3M 0—1 in Earplugs Test Cases
by Leah Rush Easterby
Combat Arms Aren’t Your Typical Earplugs
3M’s Combat Arms are dual-ended earplugs designed for one side to block all noise and the other to be transparent enough to hear voice commands while blocking harmful ballistic noises. U.S. soldiers used the earplugs in Iraq, Afghanistan, and the U.S. in combat and training operations.
The recent spate of MDL suits was spawned by a 2018 False Claims Act lawsuit brought by the Justice Department against 3M in 2018. The False Claims Act arose from a whistleblower claiming 3M knew of the design flaw that allowed the earplugs to slip imperceptibly in the ear canal, exposing users to loud noises.
3M Earplugs Multidistrict Litigation Updates
More than 230,000 military personnel have sued 3M alleging its Combat Arms earplugs (CAEv2) were defective and sold without proper warnings. The number of plaintiffs in the litigation far exceeds the volume of claimants in other ongoing MDLs. The cases are consolidated in a Florida federal multidistrict litigation.
On April 30, 2021, a federal jury awarded three Army veterans $7.1 million in damages for 3M’s failure to warn about design flaws in their Combat Arms earplugs that cause hearing loss. The bellwether trial was the first to go before a jury among thousands of complaints. The verdict set a powerful benchmark for the remaining cases’ values. The defense has accused the military of negligently handling earplug usage and indicated that 3M would appeal.
A second trial in the litigation is scheduled for May 17. Unlike the previous trial, there is a single plaintiff who alleges he developed tinnitus as a result of the defective earplugs.
A third trial is set for June 7, in which the plaintiff claims he sustained tinnitus operating an M240 machine gun in urban warfare training.
Plaintiffs presented evidence that Aearo Technologies, which designed the earplugs before the company was bought by 3M in 2008, knew for years there were fitting problems with the earplugs. They allege Aearo Technologies and 3M failed to warn the military about their own testing results.
Damages in the Millions
The verdict awarded each test plaintiff $2.1 million in punitive damages, medical expenses, lost wages, and pain and suffering. Though the trial lasted five weeks, the jury returned a verdict after just one day of deliberation.
In a 2018 False Claims Act lawsuit, 3M settled with military branches for $9.1 million. The allegation in that case was that 3M knew about the design issue with the ear protection as early as 2000. As is standard in such agreements, 3M admitted no wrongdoing.
Hearing problems, including tinnitus, are by far the most prevalent disability among U.S. veterans. According to the U.S. Department of Veterans Affairs, at the end of 2014, more than 933,000 veterans were receiving disability for hearing loss. In addition, almost 1.3 million had received compensation for hearing loss. Many other veterans suffer from an auditory processing disorder, rendering it difficult to understand speech due to blast exposures.
Testing Showed Design Defect Before Military Contract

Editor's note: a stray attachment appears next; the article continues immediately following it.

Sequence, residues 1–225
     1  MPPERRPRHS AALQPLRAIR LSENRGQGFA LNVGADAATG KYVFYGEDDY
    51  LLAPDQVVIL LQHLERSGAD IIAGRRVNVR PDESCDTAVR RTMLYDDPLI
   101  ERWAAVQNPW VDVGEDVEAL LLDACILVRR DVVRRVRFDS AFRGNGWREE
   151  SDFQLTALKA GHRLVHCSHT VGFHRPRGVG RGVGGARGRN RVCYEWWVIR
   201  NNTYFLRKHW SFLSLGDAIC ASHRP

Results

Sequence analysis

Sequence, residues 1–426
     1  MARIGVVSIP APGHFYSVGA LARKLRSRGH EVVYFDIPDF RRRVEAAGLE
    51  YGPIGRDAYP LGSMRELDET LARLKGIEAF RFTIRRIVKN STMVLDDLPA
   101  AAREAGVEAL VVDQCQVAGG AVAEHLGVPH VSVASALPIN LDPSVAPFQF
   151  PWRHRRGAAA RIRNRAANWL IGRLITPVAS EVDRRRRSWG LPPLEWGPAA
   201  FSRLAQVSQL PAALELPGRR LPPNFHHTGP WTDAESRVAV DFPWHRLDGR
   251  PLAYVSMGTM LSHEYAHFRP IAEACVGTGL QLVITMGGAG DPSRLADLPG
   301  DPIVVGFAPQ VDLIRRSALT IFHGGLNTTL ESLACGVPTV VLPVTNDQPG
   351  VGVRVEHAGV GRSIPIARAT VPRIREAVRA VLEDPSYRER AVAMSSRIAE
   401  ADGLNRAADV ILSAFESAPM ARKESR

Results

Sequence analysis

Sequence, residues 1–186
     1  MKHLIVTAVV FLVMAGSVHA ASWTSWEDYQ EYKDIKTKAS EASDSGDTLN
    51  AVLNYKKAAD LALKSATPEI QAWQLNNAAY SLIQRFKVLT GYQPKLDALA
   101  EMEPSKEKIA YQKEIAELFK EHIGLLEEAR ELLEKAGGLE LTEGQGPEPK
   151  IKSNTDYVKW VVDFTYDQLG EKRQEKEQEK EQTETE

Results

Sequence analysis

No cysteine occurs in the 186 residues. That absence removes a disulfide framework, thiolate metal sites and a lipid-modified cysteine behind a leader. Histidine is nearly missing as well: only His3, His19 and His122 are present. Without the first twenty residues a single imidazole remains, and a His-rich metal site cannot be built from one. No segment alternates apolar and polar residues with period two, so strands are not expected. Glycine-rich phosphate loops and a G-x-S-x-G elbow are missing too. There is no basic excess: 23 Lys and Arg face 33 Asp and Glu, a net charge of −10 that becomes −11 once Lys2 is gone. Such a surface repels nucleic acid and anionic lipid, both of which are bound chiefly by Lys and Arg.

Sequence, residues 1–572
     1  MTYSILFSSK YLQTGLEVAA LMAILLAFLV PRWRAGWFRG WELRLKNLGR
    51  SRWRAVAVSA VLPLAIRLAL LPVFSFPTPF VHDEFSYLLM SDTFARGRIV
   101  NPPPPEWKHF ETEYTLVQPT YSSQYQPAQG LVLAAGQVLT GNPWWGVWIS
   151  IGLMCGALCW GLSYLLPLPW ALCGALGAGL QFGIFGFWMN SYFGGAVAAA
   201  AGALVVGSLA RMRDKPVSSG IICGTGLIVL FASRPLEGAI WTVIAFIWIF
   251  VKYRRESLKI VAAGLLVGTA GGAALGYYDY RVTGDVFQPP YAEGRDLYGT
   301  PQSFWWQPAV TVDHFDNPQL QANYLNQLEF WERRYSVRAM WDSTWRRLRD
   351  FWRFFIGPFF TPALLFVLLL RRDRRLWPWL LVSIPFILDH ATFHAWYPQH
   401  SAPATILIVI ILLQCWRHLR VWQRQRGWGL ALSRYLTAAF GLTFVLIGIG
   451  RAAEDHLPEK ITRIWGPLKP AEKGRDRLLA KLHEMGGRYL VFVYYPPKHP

The Combat Arms Earplugs were initially designed and tested by Aero Technologies, who entered into a government contract to sell the earplugs to the U.S. Armed Forces. The whistleblower provided evidence that the company falsely certified the earplugs by confirming a noise reduction rating of 22 when the earplugs actually tested about 10.9.
The lower noise reduction rating was not the most serious design flaw. Results of the pre-market testing also revealed the design flaw that caused the earplugs to loosen in the ear canal, breaking the seal and allowing dangerous noise levels to damage the ears.
According to the lawsuit brought by the U.S. Department of Justice, 3M knew of the design flaws. When 3M acquired Aero Technologies, they hired Aero employees and developers aware of the defects revealed in the pre-market testing.
What Does the Recent Bellwether Verdict Mean for Future Claims?
Given that the jury awarded 2.1 million dollars in punitive damages to each of the three plaintiffs, it sends a strong message that the jury wants to see 3M pay for its wrongdoing. As the largest federal mass tort MDL in history, it places 3M under substantial pressure to start negotiating a global settlement.
So far, it appears that no settlement has been reached for the trial slated to begin on May 17, 2021. The large award in the initial trial almost guarantees that there will be more lawsuits added to the already historic mass tort claim. The size of the award serves as a powerful motivator for military personnel who were harmed by the earplugs to come forward and join the MDLs.
The recent verdict of $7.1 million is unlikely to significantly impact a giant corporation like 3M on the bottom line. The most recent financial estimates place the annual revenue of 3M at over $32 billion. However, if you extrapolate the number of active claims multiplied by the recent verdict, it should serve as a strong incentive for 3M to initiate a settlement offer. Publicly, 3M maintains its stance that it has grounds for appeal for the first bellwether verdict and moves forward with the other two slated trials.
Veterans, or active duty personnel, who served between 2002-2015 and suffered damage to their hearing while using Combat Arms Earplugs, may be entitled to compensation. With such a large pool of potential plaintiffs, the outcomes of the bellwether trials are crucial to determine the future course of the MDLs. The initial settlement of the whistleblower case and the recent $7.1 million award does not seem to bode well for the giant corporation.